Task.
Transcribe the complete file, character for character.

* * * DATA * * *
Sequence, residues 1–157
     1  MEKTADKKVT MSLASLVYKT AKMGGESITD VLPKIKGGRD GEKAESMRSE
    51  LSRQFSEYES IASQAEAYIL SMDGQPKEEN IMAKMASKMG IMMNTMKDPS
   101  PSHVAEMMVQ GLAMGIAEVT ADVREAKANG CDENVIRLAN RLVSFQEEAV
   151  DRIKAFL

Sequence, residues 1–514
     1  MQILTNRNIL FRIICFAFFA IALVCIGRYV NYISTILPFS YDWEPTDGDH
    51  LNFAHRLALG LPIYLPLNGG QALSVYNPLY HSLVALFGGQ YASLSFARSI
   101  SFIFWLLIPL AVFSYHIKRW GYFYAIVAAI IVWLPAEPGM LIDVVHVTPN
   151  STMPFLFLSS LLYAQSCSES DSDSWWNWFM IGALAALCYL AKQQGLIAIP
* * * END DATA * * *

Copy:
Sequence, residues 1–157
     1  MEKTADKKVT MSLASLVYKT AKMGGESITD VLPKIKGGRD GEKAESMRSE
    51  LSRQFSEYES IASQAEAYIL SMDGQPKEEN IMAKMASKMG IMMNTMKDPS
   101  PSHVAEMMVQ GLAMGIAEVT ADVREAKANG CDENVIRLAN RLVSFQEEAV
   151  DRIKAFL

Sequence, residues 1–514
     1  MQILTNRNIL FRIICFAFFA IALVCIGRYV NYISTILPFS YDWEPTDGDH
    51  LNFAHRLALG LPIYLPLNGG QALSVYNPLY HSLVALFGGQ YASLSFARSI
   101  SFIFWLLIPL AVFSYHIKRW GYFYAIVAAI IVWLPAEPGM LIDVVHVTPN
   151  STMPFLFLSS LLYAQSCSES DSDSWWNWFM IGALAALCYL AKQQGLIAIP